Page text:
Twelve per cent of Britons don’t ‘consider’ Scottish people to be British, according to the results of a shock new survey.
Another seven per cent said they ‘didn’t know’ if Scots qualified as British, according to the YouGov research, taken a year after the Brexit vote.
Similarly, 10 per cent think the same about Welsh people, with another six per cent unsure.
Those figures rise 16 per cent for Northern Ireland, and nine per cent undecided.
For the English the numbers are three per cent of people do not ‘consider’ them to be British, with another five per cent undecided.
The research was commissioned by YouGov in the wake of the vote in 2016 for Britain to leave the European Union.
Since then, there has been an 80 per cent increase in applications by EU citizens to be British citizens once the UK has left.
YouGov found that less than half of Britons – 49% – believe people originally from another country become British when they taken UK citizenship.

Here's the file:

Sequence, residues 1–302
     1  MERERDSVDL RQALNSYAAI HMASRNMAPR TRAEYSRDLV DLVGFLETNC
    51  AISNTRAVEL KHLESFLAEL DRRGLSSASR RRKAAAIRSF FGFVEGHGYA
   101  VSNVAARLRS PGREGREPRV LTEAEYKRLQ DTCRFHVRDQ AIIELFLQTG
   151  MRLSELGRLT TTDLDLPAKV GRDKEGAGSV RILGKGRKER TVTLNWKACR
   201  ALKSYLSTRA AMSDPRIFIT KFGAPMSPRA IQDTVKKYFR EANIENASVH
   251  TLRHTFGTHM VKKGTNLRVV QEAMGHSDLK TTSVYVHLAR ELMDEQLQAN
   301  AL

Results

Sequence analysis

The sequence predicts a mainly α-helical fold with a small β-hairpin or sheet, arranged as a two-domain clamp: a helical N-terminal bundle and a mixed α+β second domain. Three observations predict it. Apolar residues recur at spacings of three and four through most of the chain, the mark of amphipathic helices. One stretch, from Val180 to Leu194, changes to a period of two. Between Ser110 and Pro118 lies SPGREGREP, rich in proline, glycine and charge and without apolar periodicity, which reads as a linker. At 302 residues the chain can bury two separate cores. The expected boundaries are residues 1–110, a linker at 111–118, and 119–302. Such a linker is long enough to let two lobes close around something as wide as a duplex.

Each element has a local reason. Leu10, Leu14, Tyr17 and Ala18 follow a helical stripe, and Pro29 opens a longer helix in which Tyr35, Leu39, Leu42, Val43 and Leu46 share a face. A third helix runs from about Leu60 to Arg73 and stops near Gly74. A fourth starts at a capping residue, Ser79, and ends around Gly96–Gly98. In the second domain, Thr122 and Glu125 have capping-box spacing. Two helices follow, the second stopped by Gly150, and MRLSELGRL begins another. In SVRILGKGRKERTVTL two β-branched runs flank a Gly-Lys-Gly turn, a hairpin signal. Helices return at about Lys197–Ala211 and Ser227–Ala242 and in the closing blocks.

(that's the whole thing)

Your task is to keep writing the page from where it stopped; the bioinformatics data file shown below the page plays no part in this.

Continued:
‘While successful applicants will become British by law, new YouGov research on who Brits consider to be “British” highlights the limits to which citizenship itself can confer “Britishness” upon a person,’ said YouGov.
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In 2014, Scotland narrowly voted against independence and leaving the United Kingdom
The survey comes as further discussions took place on Friday over Britain’s exit from the EU.
These appeared to hint at the fractious talks stalling yet further.
EU negotiator Michel Barnier gave Britain a two-week deadline to clarify its position on key issues if there’s to be a chance to make progress on key issues.
Britain’s David Davis said London and Brussels had to ‘to work to find solutions’.
Crucial areas still up for discussion include citizens’ rights, the Irish border, and the UK’s ‘divorce bill’.